In Brotherhood, they’ve practically reached a tipping point where there’s so much to do that it’s starting to undermine the game. It doesn’t help that Assassin’s Creed 2 ended with one of those ridiculous “I could kill you but I won’t” moments that revenge stories so frequently have, necessitating an extension to the story built around much the same arc as its predecessor. Distracted by missions involving the hideouts of a Roman cult, the usual eavesdropping, assassination and pursuit missions, the new Assassin’s Guild recruitment / assignment meta-game, bonus suppressed memories of Ezio’s lost love and a continuation of gaming’s greatest bromance involving history’s foremost polymath, it’s very easy to lose track of what’s going on in the actual story-missions. Hell, that last sentence was a total mess, so that gives you some idea.
But it’s a game, and even with a weak story, a game will always rise to distinction by having a whole range of things to do (but not hours of playtime in which you do the same thing, to give you a sneak preview of my upcoming Alice: Madness Returns review). Content is also key in why games are in the peculiar situation of offering Sequels that are often a quantum leap on from their first instalments. This isn’t the first time that I’ve kept away from some of gaming’s finest properties merely because the series started with a daunting hill-start of a game. Mass Effect 2 wasn’t just twice as good the original: it was worth playing the original game twice for. And that’s saying something.
Other mediums can rarely boast this, and few would want to. As hard as developers try to ease new players into game stories effectively in medias res, there’s always going to be a section of the market that is simply unwilling to do so. This is surely doubly true in a series like Assassin’s Creed, which makes it very clear to the player what their completion percentage is. If many players can’t bear to leave their game at ‘only’ 90% synchronisation (“But I haven’t lived life exactly as Ezio did!”), it seems unlikely that similarly minded newcomers are ever going to want to miss out on the early stages of the game. Compound this with a continuity that will span four games with the release of Revelations, you’ve got to wonder, as good as a series can be, isn’t there a point where it reaches some kind of critical mass? Where sales are going to drop off because you’ve spun the story out just that little too far?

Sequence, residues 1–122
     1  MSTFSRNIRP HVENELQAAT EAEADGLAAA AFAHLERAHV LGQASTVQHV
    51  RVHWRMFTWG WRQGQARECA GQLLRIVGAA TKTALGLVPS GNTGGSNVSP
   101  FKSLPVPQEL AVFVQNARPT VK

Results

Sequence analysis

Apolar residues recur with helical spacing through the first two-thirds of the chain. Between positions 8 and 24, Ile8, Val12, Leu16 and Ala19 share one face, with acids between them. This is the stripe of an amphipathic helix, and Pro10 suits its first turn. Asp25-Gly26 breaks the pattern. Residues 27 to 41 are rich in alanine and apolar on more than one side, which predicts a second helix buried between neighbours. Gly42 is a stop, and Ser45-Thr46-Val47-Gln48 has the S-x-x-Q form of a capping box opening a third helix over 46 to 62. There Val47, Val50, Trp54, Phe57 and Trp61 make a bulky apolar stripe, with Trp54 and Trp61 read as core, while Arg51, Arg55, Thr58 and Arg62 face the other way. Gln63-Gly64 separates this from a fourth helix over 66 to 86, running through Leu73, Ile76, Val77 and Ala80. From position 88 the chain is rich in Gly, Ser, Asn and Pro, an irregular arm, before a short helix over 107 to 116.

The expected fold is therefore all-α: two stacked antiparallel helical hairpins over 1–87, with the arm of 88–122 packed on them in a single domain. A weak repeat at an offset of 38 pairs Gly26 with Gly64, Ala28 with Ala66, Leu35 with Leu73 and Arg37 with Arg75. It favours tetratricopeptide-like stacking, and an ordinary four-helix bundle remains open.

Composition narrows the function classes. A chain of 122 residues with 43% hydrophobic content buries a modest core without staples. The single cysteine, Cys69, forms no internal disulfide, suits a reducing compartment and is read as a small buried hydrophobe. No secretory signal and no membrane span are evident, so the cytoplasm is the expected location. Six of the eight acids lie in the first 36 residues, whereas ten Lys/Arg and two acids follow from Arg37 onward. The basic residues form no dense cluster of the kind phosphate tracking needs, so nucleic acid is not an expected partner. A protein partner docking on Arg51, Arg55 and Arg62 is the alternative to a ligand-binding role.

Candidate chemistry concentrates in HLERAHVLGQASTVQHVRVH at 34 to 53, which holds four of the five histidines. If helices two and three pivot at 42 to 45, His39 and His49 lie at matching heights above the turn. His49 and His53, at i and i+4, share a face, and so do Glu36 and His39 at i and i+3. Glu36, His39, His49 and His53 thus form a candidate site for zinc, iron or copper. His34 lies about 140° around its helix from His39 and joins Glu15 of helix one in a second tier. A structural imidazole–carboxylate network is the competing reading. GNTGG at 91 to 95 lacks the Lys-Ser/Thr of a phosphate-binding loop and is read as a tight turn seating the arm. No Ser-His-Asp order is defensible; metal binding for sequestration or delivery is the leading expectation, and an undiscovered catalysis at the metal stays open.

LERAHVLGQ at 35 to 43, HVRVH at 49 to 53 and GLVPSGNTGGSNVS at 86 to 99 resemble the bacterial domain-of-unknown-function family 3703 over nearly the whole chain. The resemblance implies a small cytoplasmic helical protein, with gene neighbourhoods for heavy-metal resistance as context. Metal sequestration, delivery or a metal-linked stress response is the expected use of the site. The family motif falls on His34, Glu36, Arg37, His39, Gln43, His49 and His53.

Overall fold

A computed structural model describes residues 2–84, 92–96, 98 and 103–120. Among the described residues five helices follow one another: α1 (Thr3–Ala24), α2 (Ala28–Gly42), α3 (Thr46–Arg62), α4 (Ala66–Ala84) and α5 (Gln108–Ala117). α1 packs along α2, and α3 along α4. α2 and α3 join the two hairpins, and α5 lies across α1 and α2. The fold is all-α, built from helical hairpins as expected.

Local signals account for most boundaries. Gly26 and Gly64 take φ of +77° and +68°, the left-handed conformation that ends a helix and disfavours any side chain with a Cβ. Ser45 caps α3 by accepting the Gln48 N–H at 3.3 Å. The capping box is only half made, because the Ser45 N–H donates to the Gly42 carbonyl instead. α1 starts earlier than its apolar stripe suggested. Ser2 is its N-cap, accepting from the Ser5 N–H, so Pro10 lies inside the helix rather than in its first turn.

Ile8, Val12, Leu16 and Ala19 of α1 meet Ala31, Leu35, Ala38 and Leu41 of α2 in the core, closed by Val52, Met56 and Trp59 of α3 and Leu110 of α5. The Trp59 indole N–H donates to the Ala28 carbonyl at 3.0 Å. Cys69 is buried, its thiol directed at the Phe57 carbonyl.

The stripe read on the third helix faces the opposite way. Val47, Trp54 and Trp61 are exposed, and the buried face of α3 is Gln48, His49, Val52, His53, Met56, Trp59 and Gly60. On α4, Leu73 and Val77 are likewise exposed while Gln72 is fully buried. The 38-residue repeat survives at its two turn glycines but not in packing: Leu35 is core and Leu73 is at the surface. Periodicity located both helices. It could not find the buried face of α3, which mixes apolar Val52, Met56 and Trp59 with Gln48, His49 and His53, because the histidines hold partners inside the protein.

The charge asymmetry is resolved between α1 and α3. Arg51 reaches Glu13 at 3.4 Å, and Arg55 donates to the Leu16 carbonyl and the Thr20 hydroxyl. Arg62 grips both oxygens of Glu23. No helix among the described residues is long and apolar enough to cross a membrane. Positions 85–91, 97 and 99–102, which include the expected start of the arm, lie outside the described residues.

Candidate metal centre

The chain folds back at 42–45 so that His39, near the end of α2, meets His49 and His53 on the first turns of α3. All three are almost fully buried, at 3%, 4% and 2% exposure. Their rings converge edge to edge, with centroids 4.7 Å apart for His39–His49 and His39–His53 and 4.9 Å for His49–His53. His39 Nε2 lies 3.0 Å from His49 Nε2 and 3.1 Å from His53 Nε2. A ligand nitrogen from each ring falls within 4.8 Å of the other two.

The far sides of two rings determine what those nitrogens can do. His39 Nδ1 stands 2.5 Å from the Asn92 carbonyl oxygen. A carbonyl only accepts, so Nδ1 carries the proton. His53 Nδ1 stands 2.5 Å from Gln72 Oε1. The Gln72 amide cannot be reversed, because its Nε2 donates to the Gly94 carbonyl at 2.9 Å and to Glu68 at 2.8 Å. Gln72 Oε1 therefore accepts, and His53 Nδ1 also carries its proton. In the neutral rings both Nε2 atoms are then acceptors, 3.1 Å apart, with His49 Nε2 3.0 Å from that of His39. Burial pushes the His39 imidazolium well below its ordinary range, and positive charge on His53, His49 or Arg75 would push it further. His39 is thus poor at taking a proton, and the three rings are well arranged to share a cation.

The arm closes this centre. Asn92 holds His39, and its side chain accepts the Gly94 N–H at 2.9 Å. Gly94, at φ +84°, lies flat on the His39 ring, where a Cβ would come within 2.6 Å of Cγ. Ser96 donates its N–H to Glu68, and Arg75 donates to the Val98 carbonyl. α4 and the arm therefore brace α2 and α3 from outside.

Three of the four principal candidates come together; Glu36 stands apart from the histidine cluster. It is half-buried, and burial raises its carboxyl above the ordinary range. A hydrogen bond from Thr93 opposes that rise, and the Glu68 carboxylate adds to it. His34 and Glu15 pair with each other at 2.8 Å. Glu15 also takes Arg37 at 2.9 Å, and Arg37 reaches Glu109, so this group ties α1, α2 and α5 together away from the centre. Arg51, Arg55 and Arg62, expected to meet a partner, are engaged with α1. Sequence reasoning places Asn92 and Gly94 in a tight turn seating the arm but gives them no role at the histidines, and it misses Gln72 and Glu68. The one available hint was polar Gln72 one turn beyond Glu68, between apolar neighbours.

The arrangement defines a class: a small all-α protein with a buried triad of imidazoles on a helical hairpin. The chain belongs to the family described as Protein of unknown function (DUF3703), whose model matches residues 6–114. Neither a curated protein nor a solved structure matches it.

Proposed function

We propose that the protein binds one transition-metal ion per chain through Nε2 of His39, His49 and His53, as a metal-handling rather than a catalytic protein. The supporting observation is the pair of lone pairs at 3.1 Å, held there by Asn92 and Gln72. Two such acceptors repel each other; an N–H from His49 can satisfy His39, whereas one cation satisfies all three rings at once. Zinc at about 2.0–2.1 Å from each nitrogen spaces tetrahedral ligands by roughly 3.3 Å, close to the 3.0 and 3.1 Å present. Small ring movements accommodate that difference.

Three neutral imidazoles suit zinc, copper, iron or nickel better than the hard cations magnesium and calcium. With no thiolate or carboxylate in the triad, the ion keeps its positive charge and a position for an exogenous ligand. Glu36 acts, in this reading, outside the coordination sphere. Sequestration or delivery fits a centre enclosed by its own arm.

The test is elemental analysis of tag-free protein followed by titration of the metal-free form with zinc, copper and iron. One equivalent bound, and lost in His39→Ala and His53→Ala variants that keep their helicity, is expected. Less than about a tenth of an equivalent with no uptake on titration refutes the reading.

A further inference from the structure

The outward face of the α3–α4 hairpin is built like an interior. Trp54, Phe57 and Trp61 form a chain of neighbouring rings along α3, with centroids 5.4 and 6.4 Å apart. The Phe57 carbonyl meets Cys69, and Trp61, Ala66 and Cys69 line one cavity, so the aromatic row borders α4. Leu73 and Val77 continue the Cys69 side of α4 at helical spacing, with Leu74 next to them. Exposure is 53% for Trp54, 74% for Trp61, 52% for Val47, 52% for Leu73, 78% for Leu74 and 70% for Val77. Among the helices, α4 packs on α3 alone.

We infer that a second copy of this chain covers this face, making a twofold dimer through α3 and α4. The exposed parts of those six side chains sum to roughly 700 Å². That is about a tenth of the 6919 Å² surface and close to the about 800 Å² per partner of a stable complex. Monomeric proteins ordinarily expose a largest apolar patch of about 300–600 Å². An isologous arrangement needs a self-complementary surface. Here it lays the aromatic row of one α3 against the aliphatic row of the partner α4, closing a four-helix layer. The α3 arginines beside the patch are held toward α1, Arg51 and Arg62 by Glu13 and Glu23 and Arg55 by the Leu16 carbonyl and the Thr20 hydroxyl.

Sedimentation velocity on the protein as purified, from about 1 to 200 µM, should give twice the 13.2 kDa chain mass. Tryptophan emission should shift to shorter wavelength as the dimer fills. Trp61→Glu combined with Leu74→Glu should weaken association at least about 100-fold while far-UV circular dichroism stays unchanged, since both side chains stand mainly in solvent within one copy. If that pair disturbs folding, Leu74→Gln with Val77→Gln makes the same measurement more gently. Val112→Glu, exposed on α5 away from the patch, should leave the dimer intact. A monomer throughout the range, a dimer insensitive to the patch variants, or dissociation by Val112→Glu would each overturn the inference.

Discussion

But here’s a head scratcher. If you want an example of a game series that represents the benchmark for backstory complexity, as well as being the most obvious counterpoint to any detrimental effect of ‘the uphill series’, you need look no further than Metal Gear Solid. Perhaps it’s merely the addition of the final word in that title, but I think we’re all pretty content to play those games having never attempted the first two instalments. And even among those who’ve actually played Metal Gear 2: Solid Snake, you’d be very hard pressed to find someone who had a fistfight with Gray Fox in a minefield before they’d played Metal Gear Solid.
Perhaps that ought to be my inspiration from now on. To forget continuity and just seek out deserving games whatever their ancestry. Chances are, you’ve been doing this anyway and haven’t got a clue what I’m on about. But maybe, just maybe, it’ll inspire you to give something you’ve been neglecting a fair chance. And if that happens to be Assassin’s Creed, give yourself a self congratulatory pat on the back.